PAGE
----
The Arab world's eyes and ears continue to strain to better gauge the situation in Libya, where Muammar Gaddafi appears to be using all means at his disposal to hold on to power.
A R A B I C A ارابيكا
By Kristen Gillespie
*The Arab world's eyes and ears continue to strain to better gauge the situation in Libya, where Muammar Gaddafi appears to be using all means at his disposal to hold on to power. There are reports of a major assault underway by loyal Gaddafi troops on rebel forces, and the Colonel gave another rambling televised discourse, accusing protesters of serving the interests of Al-Qaeda and trying drugging the coffee and milk of Libyans "to take control of them." Meanwhile, defections from his regime continued, with Libya's ambassador to Jordan announcing his resignation and support for the revolution.
*Lebanon reportedly refused to allow a private plane carrying the wife of Gaddafi's son, Hannibal, among others. Aline Skaf is of Lebanese origin.
Hannibal and Aline were arrested in Switzerland in 2008 for allegedly abusing their servants, sparking a serious diplomatic crisis between Libya and Switzerland.
‘SHOCKING" (IN THE GOOD SENSE) VIDEO
*This YouTube video shows an elongated Egyptian flag connecting a church to a mosque in the port city of Alexandria as people in the streets honk horns, applaud and cheer. Referring to widespread beliefs that the Egyptian government fomented sectarian strife between Muslims and Christians, one commentator wrote, "people in the state intelligence video would have a heart attack if they saw this video."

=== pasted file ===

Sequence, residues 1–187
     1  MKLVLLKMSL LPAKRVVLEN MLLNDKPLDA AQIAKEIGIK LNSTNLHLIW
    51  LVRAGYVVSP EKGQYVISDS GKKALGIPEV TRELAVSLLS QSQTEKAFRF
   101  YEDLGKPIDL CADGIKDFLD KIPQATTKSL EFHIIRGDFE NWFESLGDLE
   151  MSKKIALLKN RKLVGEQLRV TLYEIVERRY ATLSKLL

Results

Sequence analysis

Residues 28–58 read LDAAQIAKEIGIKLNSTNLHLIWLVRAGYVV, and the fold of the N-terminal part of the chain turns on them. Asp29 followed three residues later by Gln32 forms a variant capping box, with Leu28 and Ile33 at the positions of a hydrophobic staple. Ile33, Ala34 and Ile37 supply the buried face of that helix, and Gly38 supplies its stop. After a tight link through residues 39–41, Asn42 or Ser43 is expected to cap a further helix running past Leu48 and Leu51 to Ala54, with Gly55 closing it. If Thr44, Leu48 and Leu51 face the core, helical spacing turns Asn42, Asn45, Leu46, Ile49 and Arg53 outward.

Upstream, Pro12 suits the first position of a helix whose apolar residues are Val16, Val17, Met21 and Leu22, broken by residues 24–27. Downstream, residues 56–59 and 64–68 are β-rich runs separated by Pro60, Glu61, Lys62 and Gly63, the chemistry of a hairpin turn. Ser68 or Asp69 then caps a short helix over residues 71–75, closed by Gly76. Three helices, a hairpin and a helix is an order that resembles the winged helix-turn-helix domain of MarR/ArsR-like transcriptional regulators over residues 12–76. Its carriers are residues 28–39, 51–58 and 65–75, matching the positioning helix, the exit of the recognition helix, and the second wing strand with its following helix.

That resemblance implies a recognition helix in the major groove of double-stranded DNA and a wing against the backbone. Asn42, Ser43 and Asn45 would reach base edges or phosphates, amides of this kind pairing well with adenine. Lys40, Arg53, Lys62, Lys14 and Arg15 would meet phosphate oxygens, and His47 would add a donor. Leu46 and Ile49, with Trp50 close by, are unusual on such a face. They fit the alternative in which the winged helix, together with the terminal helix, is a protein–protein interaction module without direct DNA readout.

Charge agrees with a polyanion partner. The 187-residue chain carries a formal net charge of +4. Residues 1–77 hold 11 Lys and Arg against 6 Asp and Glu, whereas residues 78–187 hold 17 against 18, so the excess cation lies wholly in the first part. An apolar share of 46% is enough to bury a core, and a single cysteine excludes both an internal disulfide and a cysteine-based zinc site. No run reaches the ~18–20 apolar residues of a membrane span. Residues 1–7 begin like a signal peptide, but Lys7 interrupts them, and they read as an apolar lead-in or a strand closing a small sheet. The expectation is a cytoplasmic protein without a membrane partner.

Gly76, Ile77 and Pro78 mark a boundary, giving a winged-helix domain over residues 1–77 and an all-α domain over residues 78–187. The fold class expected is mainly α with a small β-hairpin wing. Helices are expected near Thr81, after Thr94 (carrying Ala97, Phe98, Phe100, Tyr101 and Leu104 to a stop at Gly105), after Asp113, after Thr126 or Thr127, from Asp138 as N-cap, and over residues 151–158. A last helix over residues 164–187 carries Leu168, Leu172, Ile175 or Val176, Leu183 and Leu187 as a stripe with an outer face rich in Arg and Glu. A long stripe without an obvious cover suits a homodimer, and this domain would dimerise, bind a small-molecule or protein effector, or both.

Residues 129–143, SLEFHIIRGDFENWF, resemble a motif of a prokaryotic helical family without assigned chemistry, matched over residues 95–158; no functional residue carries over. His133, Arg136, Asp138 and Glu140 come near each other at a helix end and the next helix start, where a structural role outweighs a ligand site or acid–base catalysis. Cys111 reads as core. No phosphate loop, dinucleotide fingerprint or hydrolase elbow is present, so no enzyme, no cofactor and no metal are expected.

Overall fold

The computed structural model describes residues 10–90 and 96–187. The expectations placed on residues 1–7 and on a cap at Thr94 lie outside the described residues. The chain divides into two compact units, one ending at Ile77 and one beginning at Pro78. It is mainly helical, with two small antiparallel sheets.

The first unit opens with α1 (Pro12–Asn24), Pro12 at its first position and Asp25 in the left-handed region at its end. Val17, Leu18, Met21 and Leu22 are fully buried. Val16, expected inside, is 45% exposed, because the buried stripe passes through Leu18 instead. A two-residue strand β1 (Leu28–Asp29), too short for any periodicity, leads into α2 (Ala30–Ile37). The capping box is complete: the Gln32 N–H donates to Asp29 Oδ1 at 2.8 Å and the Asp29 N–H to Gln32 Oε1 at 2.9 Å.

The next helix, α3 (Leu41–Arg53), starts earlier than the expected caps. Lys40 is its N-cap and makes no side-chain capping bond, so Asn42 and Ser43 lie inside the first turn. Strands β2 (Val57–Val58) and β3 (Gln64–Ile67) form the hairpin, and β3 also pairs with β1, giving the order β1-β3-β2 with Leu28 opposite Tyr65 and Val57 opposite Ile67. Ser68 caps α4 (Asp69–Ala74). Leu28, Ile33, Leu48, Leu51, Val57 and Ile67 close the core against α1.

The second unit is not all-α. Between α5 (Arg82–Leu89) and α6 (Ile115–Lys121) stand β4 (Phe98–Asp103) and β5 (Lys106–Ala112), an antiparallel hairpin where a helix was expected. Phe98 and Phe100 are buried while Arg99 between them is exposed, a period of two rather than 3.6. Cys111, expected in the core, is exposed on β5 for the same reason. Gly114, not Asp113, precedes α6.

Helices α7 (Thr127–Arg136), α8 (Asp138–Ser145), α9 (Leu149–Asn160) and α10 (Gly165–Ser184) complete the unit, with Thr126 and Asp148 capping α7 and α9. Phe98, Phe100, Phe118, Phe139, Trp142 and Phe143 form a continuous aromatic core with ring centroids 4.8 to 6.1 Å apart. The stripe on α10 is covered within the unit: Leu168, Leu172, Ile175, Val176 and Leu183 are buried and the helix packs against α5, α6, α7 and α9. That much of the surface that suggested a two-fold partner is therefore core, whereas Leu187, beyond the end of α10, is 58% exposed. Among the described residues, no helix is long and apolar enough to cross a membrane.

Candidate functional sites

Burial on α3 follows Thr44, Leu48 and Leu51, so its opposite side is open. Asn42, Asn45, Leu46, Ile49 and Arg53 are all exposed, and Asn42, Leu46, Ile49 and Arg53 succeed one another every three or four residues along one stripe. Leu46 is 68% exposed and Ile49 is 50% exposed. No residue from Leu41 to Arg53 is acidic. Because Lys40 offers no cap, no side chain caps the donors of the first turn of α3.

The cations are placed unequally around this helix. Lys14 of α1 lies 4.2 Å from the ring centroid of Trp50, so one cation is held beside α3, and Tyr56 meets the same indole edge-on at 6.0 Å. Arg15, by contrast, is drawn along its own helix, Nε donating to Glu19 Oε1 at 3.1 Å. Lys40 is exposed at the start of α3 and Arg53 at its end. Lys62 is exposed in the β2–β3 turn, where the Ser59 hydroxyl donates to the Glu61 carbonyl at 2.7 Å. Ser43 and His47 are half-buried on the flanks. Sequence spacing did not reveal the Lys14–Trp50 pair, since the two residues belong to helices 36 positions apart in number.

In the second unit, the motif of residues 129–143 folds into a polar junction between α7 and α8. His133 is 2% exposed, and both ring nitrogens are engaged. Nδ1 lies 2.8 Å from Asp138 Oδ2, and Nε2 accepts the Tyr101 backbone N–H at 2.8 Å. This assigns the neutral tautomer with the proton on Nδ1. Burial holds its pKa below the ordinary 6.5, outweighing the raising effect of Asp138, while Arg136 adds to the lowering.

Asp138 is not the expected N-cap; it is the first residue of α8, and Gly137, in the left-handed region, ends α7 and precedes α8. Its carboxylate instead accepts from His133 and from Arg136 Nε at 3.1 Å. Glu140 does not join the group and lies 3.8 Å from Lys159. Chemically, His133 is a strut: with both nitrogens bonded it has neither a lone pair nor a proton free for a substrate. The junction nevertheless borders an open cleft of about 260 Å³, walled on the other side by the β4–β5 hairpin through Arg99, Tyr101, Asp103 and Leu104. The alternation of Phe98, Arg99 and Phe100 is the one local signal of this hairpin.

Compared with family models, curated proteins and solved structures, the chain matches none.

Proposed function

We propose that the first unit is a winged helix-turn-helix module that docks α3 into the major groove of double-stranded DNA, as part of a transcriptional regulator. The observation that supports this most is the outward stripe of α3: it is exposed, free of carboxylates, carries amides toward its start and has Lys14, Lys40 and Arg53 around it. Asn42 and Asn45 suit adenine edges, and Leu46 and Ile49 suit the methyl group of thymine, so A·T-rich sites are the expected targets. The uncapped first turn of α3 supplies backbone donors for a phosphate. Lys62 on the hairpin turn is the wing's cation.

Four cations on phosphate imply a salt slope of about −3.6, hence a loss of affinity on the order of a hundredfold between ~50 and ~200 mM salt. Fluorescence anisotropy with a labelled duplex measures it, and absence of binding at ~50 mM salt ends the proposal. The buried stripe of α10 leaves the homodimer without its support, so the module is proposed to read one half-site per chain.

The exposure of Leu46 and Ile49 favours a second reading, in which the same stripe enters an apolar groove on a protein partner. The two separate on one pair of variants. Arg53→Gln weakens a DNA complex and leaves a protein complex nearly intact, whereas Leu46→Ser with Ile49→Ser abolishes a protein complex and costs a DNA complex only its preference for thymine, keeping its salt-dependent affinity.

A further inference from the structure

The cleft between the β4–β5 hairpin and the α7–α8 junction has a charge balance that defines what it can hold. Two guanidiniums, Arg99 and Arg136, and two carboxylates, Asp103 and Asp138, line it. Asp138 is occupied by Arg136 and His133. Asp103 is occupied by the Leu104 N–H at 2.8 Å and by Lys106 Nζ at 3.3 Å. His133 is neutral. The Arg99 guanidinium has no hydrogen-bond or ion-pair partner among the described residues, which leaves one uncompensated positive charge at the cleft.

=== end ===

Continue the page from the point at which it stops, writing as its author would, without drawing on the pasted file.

*Democracy activist Wael Ghonim reminds his 94,000 Twitter followers about former Egyptian President Hosni Mubarak's son, Gamal Mubarak, a former adviser to his father who reportedly helped amass those hidden billions of dollars: "Gamal Mubarak is still free although all his friends are being tried or have had their assets frozen… Why?"
VIOLENT CLASH IN JORDAN
*The Jordanian government arrests two people in connection with violence against protesters last Friday; 11 more arrest warrants issued. Another opposition protest is scheduled for this Friday following afternoon prayers.
NON-VIOLENT CLASH IN JORDAN
*Employees of Jordan's state-run newspaper, Al Rai, staged the first sit-in in the paper's history, demanding higher salaries – and journalism standards. Omar Assaf, the former assistant editor who resigned in protest against the paper's editorial policies, said "We tried to reform the paper and make it more professional, but ran into a wall."
Feb. 24, 2011
photo credit: illustir